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Where is the pro-business chat?

Discussion in 'Business, Investment and Economics' started by Zaxon, Mar 30, 2019.

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  1. Smurf1976

    Smurf1976

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    Using Uber as a specific example:

    There was an established business model known as taxis which operated in some form in just about every city in the world. Such services also existed in many larger towns also.

    The taxi business model involves owning a car which is used for the sole or primary purpose of providing the service and paying someone to drive it.

    Taxis and taxi drivers are usually required to have some form of license, training and insurance over and above that required by a private motorist. Regulations impose set fares for travel by taxi which are non-negotiable. Regulations may also stipulate the type of vehicle used as a taxi, often limited to a specific make and model or even a custom built vehicle not sold for other purposes.

    The above are all requirements imposed by some level of government and collectively constitute a substantial cost over and above the cost of simply owning and running a car as such.

    Now Uber has come along with a different business model which throws most of that straight out the window. The driver uses their existing private vehicle which can be practically anything subject to a few restrictions, they require no special training or license, there are no special safety measures in the vehicles and government regulations are simply ignored.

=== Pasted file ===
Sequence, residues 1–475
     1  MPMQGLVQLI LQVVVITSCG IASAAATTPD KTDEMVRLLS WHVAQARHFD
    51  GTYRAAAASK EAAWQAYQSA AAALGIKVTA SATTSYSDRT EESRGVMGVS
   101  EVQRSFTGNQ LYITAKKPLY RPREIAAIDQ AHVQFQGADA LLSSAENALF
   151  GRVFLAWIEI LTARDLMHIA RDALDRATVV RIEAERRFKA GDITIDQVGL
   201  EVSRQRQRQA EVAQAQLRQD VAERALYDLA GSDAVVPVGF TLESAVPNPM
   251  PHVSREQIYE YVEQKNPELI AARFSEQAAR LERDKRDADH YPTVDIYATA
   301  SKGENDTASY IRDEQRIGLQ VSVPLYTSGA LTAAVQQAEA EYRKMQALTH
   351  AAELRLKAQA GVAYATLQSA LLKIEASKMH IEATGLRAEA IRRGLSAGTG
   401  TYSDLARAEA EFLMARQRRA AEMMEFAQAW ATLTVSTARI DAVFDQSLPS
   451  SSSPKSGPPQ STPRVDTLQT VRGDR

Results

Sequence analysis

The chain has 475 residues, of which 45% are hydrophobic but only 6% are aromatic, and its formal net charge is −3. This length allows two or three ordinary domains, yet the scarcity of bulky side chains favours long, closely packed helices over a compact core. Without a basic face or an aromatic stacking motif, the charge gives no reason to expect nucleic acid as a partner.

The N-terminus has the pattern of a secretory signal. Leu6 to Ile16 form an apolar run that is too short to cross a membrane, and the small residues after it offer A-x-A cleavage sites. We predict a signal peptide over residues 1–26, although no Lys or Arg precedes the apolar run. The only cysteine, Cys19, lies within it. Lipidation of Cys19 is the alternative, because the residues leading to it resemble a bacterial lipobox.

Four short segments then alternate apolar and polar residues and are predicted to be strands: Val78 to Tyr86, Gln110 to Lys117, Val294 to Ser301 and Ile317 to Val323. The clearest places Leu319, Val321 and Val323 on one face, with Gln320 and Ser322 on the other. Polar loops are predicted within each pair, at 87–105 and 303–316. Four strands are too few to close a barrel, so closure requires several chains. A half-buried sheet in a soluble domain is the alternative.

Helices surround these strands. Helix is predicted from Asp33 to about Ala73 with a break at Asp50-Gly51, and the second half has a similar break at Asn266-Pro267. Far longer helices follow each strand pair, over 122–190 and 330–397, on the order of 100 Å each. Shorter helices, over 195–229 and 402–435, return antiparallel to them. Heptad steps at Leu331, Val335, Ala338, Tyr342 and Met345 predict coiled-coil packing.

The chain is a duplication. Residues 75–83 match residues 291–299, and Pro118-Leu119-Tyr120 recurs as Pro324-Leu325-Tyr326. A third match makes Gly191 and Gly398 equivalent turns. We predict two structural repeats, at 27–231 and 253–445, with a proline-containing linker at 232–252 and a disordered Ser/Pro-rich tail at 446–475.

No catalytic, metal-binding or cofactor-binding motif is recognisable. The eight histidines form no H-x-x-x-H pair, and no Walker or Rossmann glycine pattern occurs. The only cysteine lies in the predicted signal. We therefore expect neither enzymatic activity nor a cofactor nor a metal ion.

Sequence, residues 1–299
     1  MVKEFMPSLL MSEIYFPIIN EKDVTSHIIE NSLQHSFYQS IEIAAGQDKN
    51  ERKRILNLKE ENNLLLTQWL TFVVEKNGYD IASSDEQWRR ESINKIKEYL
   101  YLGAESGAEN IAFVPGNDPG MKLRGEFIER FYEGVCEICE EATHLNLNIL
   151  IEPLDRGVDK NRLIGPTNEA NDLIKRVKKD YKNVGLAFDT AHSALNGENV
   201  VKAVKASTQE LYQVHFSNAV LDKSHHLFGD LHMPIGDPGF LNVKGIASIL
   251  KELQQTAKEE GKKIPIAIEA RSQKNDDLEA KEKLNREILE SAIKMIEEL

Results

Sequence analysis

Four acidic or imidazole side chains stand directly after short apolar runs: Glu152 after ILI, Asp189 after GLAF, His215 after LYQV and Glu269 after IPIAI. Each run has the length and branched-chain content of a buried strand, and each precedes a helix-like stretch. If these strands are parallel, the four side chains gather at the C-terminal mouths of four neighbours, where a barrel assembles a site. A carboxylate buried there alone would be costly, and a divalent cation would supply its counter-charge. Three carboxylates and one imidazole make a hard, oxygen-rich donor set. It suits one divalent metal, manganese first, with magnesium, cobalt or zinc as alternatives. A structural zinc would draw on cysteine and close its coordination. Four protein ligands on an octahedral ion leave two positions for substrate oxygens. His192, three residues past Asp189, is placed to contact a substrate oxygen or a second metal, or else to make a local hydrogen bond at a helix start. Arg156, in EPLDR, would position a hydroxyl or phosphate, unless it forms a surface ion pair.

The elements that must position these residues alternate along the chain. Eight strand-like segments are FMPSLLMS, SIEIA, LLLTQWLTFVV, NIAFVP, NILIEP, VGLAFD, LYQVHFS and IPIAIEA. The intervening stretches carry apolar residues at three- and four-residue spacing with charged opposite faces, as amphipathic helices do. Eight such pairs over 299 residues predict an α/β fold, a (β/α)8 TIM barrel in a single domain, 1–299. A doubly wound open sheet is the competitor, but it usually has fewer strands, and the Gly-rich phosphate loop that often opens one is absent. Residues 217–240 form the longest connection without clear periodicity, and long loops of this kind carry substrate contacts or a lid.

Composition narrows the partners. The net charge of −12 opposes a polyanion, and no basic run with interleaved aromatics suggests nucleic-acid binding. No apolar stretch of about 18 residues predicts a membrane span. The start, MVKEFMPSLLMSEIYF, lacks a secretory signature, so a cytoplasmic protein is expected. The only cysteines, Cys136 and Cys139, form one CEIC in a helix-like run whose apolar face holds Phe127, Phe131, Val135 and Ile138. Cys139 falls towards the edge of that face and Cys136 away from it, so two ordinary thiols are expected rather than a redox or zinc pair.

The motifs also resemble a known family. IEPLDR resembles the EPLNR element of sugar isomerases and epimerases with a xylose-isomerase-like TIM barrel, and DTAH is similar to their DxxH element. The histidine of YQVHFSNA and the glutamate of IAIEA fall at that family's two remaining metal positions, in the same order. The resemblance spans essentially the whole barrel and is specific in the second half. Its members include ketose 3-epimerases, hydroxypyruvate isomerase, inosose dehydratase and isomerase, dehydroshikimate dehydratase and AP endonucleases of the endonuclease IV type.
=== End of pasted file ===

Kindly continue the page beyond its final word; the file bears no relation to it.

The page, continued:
In doing so Uber have given themselves an advantage over every established taxi operator simply by choosing to ignore regulations on the basis of technical loopholes or in some cases outright defiance of the law. In doing so they have caused economic loss to investors in traditional taxis and their employee drivers.

    Now, if Uber aren't making any money out of this then that sounds awfully like they've engaged in predatory pricing, or "unfair competition" as a taxi driver would likely call it, in an effort to displace established competitors who mostly have relatively limited financial backing and ability to withstand losses when compared to Uber. Presumably Uber's intent is to raise prices at a future time once there's no competition.

    I thus have no sympathy for them.

    Fair competition sure, that's fine, but if you play dirty then you need to expect to be on the receiving end of the same sort of thing. Or as a taxi driver might say - what goes around, comes around.:2twocents